• You know, I’ve been thinking about this and it doesn’t make any sense. I see other root veggies pickled all the time (essentially what this relish is). I see pickled carrots, beets, etc. All root veggies.

  3. Alisha says:

    How long would you say the relish will last if canned?

  4. Rebeca says:

    We have a bumper crop of radishes coming up and love relish on out hot dogs so I’ll be trying this for sure! One question, 2lb radishes weighed w/ their greens or 2lb topped radishes? I appreciate the weight measurements as bunch sizes can really vary, but I wasn’t sure what you intended there. Thanks for the recipe and (in advance —presumptuous me!) the clarification!

  5. Lulu says:

    Hi there! Sending gratitude from the vaguely sunny climes of Little ole England! Thank you so much for sharing this absolute gem of a recipe!

    I stumbled upon your page whilst frantically looking for some way of getting creative with the unexpected or planned for glut of radishes, following a slight “mishap” with an open packet of French breakfast radish seeds and an overactive startle response, resulting in a gazillion miniscule radish seeds being dumped directly into the salad bed….. we tried (we really did!) to remove as many seeds as possible, in the end though, it was just mind-bogglingly difficult, so we just mixed up the seedy soil and spread it out. No neat rows for us that year!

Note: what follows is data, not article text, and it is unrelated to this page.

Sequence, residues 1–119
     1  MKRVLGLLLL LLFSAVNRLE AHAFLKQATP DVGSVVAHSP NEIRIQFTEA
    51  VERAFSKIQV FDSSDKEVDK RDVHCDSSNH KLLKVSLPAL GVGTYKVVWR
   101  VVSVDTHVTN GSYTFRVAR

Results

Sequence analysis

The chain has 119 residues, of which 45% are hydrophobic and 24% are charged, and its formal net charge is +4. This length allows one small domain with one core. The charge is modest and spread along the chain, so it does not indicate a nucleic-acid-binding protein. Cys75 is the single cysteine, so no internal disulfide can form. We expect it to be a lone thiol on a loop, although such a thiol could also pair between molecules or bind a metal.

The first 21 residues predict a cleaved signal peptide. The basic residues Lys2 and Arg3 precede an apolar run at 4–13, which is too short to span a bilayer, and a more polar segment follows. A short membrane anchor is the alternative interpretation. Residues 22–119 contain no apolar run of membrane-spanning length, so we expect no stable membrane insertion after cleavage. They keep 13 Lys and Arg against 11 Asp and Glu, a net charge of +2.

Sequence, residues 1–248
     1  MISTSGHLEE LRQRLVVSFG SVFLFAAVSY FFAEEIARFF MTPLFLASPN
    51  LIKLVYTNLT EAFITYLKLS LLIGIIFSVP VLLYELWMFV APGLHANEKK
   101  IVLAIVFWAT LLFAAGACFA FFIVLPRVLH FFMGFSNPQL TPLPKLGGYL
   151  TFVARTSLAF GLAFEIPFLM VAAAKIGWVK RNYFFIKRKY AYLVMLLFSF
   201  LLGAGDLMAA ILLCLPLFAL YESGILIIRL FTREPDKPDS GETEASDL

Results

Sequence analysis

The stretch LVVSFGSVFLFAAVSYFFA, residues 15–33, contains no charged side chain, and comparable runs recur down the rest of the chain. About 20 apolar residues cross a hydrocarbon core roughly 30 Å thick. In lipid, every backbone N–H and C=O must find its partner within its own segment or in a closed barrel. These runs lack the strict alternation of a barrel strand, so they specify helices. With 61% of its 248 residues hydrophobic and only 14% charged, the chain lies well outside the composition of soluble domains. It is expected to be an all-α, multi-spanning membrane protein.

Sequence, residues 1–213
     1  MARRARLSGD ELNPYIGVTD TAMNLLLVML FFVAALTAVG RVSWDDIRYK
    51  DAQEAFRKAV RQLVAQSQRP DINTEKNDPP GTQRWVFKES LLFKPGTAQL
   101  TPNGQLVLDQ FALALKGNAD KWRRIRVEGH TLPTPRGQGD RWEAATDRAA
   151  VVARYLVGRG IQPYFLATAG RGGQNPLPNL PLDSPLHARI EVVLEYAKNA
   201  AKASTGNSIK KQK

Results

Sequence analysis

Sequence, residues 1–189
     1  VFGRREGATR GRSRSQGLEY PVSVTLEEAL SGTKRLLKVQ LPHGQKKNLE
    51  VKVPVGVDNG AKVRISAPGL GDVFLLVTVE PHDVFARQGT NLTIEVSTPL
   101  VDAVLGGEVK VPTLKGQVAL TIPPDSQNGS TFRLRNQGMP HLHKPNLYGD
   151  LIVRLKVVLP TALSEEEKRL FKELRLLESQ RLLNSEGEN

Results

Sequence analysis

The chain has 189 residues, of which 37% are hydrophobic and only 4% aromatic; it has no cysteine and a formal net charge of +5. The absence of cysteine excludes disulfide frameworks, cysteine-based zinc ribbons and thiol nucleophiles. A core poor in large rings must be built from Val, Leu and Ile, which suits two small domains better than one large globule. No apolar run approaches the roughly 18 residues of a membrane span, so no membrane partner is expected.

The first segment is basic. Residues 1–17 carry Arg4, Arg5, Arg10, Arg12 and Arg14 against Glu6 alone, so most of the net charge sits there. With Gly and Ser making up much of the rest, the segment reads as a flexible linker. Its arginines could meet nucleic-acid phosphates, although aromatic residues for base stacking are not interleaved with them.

I love sowing radishes because they require little to no input save watering and gentle thinning if necessary and they are, without fail the fastest reward for early labours in the veg patch! There is nothing quite like pulling up a radish, the first tangible proof that we havent forgotten everything about growing veg over the winter months!

    However…With the enormous resulting glut of radishes mounting in the fridge, daily, and my abject horror at the thought of putting them in the compost bin, I decided to seek out a way of preserving them instead.

    Your recipe was the first (and only!) One I bothered with, and honestly, I wouldn’t want to bother with any others!

    This relish is absolutely delicious!

    I’ve come back here numerous times to remind myself if the quantities/measurements and have given away a multitude of jars after processing them, and the feedback us unanimously positive.

    Another food that the relish compliments beautifully is spiced kofta kebabs, Greek/Turkish/Cypriot/ Middle Eastern spiced lamb mince kebabs on flatbread with fresh salad veg, tzatziki and this relish adorning the meat and veg…. the subtle sharp sweetness and the fragrant spice mix really works well to lift up the rich, spiced meat, fresh veg and warm, grilled flatbread.

    Those who have tried this recipe will understand this: it has surprised loads of people that they loved the flavour of this relish when they are ardent dislikes of radishes! I do not know what happens to them, chemically speaking, in that jam pan, but the radishes going in, taste completely different to the finished product!

    Again, thank you! Now I’m off to knock up the first 2020 batch of radish relish…… mmm!!!

    Lulu xxxxx